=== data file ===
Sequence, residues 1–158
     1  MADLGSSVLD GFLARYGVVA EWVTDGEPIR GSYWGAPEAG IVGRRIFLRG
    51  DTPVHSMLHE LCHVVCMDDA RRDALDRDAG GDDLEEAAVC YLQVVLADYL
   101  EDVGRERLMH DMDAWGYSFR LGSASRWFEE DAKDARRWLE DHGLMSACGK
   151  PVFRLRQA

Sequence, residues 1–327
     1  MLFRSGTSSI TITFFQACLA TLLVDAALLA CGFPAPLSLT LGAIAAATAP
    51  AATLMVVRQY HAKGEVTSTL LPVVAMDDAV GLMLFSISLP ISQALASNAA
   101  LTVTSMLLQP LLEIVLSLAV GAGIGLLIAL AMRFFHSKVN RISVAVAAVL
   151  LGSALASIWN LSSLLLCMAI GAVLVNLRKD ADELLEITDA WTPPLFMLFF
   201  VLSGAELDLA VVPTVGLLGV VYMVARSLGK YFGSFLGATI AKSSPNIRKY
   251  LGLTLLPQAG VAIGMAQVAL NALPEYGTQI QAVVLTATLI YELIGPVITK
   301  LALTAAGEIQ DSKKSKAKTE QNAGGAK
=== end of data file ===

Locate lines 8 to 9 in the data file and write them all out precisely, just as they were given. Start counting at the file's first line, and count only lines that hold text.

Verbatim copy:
    51  AATLMVVRQY HAKGEVTSTL LPVVAMDDAV GLMLFSISLP ISQALASNAA
   101  LTVTSMLLQP LLEIVLSLAV GAGIGLLIAL AMRFFHSKVN RISVAVAAVL